I used to teach the history of sociological theory to 16-19 year olds (sometimes misleadingly known as ‘A’ level Sociology), although somewhere along the line the nature of the job changed, and I think it’s more accurate to say that I’m now more of a general children’s entertainer, which I duly recorded in the 2011 UK National Census.

I’m not going to whinge about it though, I know my place and frankly I’m just glad to have a job (doffs cap), and on occasion, between the demands of an antiquated syllabus and OFSTED’s insistence on including party games in every lesson, I do sometimes get the chance to teach some real sociology.

And lord knows Sociology is needed now more than ever – At the age of 41 (in 2014) I feel as if I’ve  just escaped the shitty backwash from 30 years of Neoliberalism – I managed to get two years on the doll without too much hassle, not only was my university education free, I got a grant, I’ve got a full-time permanent job, own my flat with a reasonable interest-rate mortgage, and I just might be able to fully retire at 60 on a teacher’s pension (hopefully, the tide might yet wash over me).

However, life is not going to be so cushty for many of the students who sit in my sociology classes, and so one of the things this blog aims to do is to consider some of the problems of buying into an ordinary life and some of the alternatives some of them will be forced into adopting.

The rest of the blog focuses on whatever I feel like writing about – Maybe something to do with the A level syllabus (most of it’s pretty interesting), or maybe something about Buddhism, infographics or Extreme Early Retirement, whenever I feel like writing about whatever really.


If you like this sort of thing – then why not my book?

Early Retirement Strategies for the Average Income Earner, or A Critique of Curiously Ordinary Life of the Everyday Worker-Consumer

Available on iTunes, Kobo, and Barnes and Noble – Only £0.63 ($0.99)

Retirement Cover5

Also available on Amazon, but for £1.99 because I’d get a much lower cut if I charged less!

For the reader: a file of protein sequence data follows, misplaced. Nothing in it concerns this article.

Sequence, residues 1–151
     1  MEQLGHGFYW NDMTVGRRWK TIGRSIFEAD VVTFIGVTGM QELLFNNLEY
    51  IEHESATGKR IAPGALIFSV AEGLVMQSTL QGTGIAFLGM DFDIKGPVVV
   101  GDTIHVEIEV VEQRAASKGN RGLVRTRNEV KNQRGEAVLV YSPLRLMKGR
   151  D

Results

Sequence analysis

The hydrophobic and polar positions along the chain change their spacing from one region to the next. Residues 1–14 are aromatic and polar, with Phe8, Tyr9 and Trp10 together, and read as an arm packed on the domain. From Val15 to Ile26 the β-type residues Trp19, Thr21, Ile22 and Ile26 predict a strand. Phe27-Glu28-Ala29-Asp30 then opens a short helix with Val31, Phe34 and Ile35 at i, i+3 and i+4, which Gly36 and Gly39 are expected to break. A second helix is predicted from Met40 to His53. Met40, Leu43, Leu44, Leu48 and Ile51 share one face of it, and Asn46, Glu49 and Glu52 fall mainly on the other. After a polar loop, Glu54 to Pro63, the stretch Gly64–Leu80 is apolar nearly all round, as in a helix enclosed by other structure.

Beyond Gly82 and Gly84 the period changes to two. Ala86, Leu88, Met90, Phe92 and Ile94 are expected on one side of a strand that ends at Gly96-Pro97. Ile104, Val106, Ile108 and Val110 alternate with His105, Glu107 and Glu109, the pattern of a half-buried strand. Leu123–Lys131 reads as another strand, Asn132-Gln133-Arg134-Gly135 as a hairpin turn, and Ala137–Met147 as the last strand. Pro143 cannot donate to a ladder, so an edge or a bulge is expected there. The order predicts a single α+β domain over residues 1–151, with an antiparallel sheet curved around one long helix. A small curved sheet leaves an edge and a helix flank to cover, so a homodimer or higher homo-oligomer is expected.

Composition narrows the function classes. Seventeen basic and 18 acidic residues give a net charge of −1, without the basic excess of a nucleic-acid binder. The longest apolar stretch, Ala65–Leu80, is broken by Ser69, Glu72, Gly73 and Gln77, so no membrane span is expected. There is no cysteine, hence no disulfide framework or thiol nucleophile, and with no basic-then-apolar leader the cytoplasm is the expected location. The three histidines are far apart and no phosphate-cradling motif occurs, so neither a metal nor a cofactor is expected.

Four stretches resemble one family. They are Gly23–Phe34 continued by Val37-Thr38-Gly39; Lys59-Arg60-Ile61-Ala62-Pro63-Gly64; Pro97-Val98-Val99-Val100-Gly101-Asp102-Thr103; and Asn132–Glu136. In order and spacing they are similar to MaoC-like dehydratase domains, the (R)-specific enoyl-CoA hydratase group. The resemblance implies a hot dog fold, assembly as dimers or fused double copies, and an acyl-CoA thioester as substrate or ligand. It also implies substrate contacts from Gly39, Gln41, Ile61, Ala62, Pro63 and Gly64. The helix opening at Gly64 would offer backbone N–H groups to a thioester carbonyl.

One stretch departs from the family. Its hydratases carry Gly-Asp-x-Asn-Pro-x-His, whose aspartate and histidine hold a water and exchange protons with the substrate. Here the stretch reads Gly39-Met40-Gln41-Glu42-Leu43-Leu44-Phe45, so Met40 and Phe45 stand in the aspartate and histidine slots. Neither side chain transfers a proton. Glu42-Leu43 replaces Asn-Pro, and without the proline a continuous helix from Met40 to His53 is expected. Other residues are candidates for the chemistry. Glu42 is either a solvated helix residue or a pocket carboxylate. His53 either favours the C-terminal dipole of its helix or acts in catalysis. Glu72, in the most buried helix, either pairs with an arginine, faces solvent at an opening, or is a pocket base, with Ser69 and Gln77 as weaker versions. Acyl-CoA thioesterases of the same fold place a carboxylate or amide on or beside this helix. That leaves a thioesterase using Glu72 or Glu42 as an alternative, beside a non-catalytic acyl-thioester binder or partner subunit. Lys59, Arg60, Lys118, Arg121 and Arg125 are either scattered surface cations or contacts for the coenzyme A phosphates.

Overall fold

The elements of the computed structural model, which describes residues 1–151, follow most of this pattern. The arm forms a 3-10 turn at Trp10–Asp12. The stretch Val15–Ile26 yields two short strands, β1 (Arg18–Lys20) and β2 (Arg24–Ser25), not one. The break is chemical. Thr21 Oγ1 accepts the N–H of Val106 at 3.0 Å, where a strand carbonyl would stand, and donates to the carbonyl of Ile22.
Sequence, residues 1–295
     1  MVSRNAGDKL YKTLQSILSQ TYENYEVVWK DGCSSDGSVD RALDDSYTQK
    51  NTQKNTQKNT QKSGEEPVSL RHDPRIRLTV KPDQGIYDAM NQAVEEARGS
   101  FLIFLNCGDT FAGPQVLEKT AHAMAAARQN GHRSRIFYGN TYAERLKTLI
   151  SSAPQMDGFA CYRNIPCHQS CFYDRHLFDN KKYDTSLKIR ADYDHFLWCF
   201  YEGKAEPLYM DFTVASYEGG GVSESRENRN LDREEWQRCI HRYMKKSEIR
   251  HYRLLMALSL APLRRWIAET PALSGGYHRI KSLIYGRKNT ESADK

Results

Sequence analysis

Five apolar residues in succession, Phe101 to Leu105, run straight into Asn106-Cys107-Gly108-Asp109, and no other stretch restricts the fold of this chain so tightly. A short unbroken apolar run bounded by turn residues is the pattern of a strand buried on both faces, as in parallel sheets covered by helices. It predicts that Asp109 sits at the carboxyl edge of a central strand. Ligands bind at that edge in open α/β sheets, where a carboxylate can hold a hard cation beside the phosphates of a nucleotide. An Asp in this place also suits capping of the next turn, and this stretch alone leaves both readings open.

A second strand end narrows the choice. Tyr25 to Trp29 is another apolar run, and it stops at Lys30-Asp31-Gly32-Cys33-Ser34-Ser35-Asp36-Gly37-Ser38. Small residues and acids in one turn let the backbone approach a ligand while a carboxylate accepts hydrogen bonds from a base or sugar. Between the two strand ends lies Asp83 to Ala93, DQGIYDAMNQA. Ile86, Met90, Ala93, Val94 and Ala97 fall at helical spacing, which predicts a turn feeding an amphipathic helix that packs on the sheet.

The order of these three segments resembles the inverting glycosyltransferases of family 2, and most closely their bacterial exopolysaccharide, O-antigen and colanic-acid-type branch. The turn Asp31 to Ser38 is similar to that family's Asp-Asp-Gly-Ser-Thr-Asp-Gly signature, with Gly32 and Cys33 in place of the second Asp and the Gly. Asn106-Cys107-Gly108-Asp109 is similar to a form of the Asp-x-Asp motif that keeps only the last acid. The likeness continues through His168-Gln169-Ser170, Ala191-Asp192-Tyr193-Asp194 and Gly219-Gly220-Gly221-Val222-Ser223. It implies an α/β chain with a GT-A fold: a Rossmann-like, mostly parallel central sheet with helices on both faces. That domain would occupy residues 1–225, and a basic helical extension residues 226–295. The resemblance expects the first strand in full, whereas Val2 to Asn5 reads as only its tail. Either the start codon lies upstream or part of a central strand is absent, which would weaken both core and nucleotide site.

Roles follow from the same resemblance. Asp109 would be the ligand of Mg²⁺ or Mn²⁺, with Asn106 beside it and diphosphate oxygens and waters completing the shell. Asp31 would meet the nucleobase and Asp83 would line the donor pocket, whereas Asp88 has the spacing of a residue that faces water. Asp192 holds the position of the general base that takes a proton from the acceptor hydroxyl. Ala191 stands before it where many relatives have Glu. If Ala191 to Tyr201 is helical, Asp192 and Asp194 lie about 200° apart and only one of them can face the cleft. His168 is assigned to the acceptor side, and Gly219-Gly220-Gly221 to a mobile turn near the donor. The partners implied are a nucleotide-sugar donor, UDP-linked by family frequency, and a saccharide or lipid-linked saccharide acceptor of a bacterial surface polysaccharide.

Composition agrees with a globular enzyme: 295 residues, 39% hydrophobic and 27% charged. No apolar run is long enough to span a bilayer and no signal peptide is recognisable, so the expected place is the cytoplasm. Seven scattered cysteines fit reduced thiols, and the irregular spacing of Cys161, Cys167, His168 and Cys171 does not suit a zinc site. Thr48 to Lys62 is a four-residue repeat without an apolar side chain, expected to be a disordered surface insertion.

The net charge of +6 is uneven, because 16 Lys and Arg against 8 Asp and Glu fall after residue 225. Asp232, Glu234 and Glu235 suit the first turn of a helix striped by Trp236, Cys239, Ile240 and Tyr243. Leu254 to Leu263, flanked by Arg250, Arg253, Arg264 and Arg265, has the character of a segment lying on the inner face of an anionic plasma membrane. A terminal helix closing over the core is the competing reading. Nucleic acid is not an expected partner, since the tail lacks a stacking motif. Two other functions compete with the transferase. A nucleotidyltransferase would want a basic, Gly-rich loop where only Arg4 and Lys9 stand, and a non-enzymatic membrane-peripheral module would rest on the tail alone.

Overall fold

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6 thoughts on “About”

  1. Was struck by my first visit, reading the February 14 blog.
    It’s becoming hard to find intelligent philosophical site, online.
    Having retired (frugally), with a wife and four sons, back in 1989, and now… levelled out with a comfortable life and a reasonbly secure future, I find it interesting to read what I would have hoped for in earlier years.
    Takes a while to absorb a full website, so expect to lurk for a while.
    Keep up the good work.

  2. Hi – Good to hear it worked out for you. I find it deeply depressing that most people seem incapable of breaking the work-hard, consume-hard cycle, finding people who have done so is always an inspiration.

  3. Hi – I’m currently studying the A2 year of A level sociology; and I’m finding your blog really interesting. In relation to the subject, I’m often struck by the vagueness of many of the questions we are asked ‘exam-wise’ not always knowing what direction to take things in. For example- I am right now staring at a question that reads, ‘Assess the impact of sociological theories and research on social policies’ 33 marks. And I confess I do not know where to begin- which social policies to focus on and whether I need to include sociological theory. I wondered – if you had any advice for answering these sort of questions- if there is a ‘rule of thumb’ so to speak?

  4. Hi Lisa,

    Social Policies is not the easiest topic – The way I teach it is through applying the Perspectives – The easiest way in to it is to go back through the course and look at what the New Right suggest are effective Social Policies – applied to the family, education and right realism for crime – Basically role back the state except for setting a framework for competition and being tough on criminals and supporting the nuclear family, then criticize the consequences of these policies using Marxism or Feminism, at the same time outlining the kinds of policies sub-divisions of these perspectives would apply. You could also bring in Positivism – the idea that sociology should work with governments to engineer society (Comte/ Durkheim) and critique this using Marxism/ Interactionism – the idea that Sociology should be critical and subversive, thus not about helping governments at all.

    Hopefully that helps.

  5. Hello,

    I am an ex student of yours, and found your blog through your you tube videos!

    I am currently searching for readings on sociology of child social work, care system and foster care. Maybe from sociology of welfare or health care I could find what I am looking for. I am really interested – in the gender (why is it mostly women who are on social worker files? – role of single mothers etc),
    – class (have a theory from experience and stories about being in care that large majority of social workers and foster carers are middle while those on there books are working class),
    -also any general critics and analysis of social work and the care system

    I am interested also in anarchist, feminist or socialist response to social care but this is probably very specific!

    I know this is pretty perspective but I want to read on my theories and understand politics behind sociology. I probably haven’t been clear, ask any questions, no worries if can’t response. Ive trying accessing the A level sociology book as a start point but no online copy!


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A hyperreflexive blog focussing on critical sociology, infographics, Buddhism and extreme early retirement

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